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Subject: Aircraft Weapons and launch platforms, P-51 Mustang and P-38 Lightning.
heraldabc    12/22/2010 4:13:04 PM
Hypothesis: within the detection range of an engagement envelope there are two operation and decision cycles that are separate local events and that are mutually dependent upon each other. One local event is the launch platform which is the carriage and deploy mechanism. The other local event is the weapon as it operates across the interval from the launch platform to the target. The nature of the launch platform and the nature of the weapon act upon each other as an effectiveness ratio in doing work on the target. For this hypothesis we will use two concrete examples, the P-51 Mustang and the P-38 Lightning and discuss the shortcomings each platform had to the ideal solution that each tried to solve from its common military user perspective. Preliminary comments and questions welcome. H.
 
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YelliChink       12/23/2010 3:04:45 PM


Dare I say it? Kelly Johnson got it wrong. Yes I dared say it. 
Next up, how did we screw up the Mustang?

H.

Kelly Johnson didn't get it wrong. He got everything right. The problem is not Kelly Johnson, but rather USAAC officers and generals who conjectured up twin-engine fighter concept and gave fundings for V1710 with turbosupercharger. Mr Johnson is an aircraft design genius, and what he did is designed a package perfected for the customer's specification. Just because USAAC's dickheads (or in Chinese we call them swine heads) made the spec wrong, it doesn't traspire to Kelly Johnson.
 
As a result, if you absolutely, positively have to fight in a twin-engine fighter, you would rather be in a P-38 than any other contemporary twin-engine fighters. Not Bf-110, not Ju-88 and certainly not Pe-2.
 
Look at the history of weapons development in WW2, the generals usually got it wrong most of the time. Mustang is the result of private endeaver by North America to make something for the custormers. They subjected to zero bureaucratic decision from USAAC and Brits at that time just want to get as many airframe as possible to make up the mistake that the US is making today. Even the endeaver to mate Merlin 61 and Mustang airframe were from Merlin company and an RAF commander, not through top-down decision making procedure by USAAC.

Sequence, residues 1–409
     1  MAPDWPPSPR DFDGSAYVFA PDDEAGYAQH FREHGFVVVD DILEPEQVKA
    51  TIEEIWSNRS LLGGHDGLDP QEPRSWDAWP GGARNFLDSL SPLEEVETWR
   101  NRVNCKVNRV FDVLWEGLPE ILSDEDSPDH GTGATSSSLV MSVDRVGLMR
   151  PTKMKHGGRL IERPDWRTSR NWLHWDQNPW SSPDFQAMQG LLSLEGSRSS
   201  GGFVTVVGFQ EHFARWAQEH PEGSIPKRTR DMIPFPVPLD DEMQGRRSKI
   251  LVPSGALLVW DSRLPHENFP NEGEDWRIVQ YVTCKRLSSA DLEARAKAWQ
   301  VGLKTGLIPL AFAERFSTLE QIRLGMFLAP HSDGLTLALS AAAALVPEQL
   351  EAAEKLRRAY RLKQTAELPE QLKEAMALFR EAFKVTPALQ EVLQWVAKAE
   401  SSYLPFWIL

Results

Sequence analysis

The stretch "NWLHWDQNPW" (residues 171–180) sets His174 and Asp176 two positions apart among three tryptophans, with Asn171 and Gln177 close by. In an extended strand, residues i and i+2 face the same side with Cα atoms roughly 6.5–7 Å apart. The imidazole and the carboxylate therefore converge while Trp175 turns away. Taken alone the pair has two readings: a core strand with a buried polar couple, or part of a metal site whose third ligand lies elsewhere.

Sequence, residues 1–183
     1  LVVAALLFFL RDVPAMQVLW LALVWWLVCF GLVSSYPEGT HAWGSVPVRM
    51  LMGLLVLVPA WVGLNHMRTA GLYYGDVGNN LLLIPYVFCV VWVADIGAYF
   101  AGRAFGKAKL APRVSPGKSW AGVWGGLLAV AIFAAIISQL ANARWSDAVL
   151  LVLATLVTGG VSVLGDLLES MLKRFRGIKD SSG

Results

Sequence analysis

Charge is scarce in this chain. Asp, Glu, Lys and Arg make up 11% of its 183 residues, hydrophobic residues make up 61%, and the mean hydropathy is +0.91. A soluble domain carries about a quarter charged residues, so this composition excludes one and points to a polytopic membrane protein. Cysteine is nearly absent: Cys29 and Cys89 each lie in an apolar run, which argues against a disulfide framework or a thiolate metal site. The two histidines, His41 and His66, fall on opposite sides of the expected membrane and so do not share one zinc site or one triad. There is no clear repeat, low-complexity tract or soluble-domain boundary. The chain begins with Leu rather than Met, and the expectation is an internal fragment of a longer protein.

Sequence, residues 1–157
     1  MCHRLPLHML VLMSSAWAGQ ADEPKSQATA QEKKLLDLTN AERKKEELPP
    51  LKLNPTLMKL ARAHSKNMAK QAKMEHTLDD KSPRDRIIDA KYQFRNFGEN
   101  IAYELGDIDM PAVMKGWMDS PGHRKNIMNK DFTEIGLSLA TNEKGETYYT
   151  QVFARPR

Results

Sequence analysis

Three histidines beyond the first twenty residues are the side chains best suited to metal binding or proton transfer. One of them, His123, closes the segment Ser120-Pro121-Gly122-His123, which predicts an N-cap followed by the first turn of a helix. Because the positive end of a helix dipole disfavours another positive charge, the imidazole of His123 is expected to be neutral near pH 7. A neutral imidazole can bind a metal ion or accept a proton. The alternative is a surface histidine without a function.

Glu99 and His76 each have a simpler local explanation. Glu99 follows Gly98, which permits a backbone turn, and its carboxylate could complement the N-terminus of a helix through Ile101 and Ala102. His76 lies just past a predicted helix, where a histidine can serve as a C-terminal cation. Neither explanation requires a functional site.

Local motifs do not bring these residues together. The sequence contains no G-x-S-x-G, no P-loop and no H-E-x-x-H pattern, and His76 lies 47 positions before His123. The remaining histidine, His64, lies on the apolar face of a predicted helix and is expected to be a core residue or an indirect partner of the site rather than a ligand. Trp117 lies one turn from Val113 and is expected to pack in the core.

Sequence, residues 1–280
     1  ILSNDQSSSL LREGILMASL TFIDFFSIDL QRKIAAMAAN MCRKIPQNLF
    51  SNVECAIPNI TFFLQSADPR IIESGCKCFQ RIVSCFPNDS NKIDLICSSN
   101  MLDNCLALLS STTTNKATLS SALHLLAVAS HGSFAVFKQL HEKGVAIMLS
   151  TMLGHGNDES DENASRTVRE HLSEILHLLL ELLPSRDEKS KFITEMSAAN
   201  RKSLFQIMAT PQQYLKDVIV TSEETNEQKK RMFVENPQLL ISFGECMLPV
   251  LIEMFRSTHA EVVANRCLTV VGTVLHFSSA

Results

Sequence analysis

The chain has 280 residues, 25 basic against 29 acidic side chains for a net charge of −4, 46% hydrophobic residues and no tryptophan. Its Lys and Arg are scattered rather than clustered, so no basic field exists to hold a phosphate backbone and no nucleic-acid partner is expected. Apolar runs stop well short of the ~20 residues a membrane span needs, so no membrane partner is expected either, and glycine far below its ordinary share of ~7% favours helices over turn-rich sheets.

The first Merlin P-51 (B/C models) are perfect for the role of high altitude bomber escorts. You screwed the Mustang when USAAF generals and colonels started to inject their own opinions.
 
Oh yeah we want bubble canopy, so modify the rear fusalage, and put more oil tanks in it.
Oooh we want more fire power, just add two more .50 cals into the wing, and change the structure if needed.
And don't forget to add the bomb rake and electrical connection and switches.
 
That's how you screw up a perfect good escort fighter. Fortunately, the enemy screwed even more.
 
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YelliChink       12/23/2010 3:41:27 PM

There was never a large enough margin between the DB and RR engines to make that "no doubt" statement, espcially at higher altitudes. The greatest advantages of the DB 601-605 relate to the layout of the units themselves, allowing for a central gun and a more aerodynamic nose section, they did this despite having a larger capacity engine. In terms of complexity and reliability there's also evidence that is favourable to the Merlins.The bottom line is that the parallel evolution that both designs underwent throughout the war was roughly equivalent in performance terms. 


Ze Germans were using fuel injection from the beginning, while the Brits were still using carburetor until much later. I forgot whether the monstrous Griffon and Navier Sabre engines use carburetors or fuel injection. As a result, early Merlin engines will choke while subjecting to negative G. Many early German pilots escaped by pulling negative G knowing RAF pilots couldn't follow. That problem was solved later, but the solution of swing carburetor is never as good as fuel injection.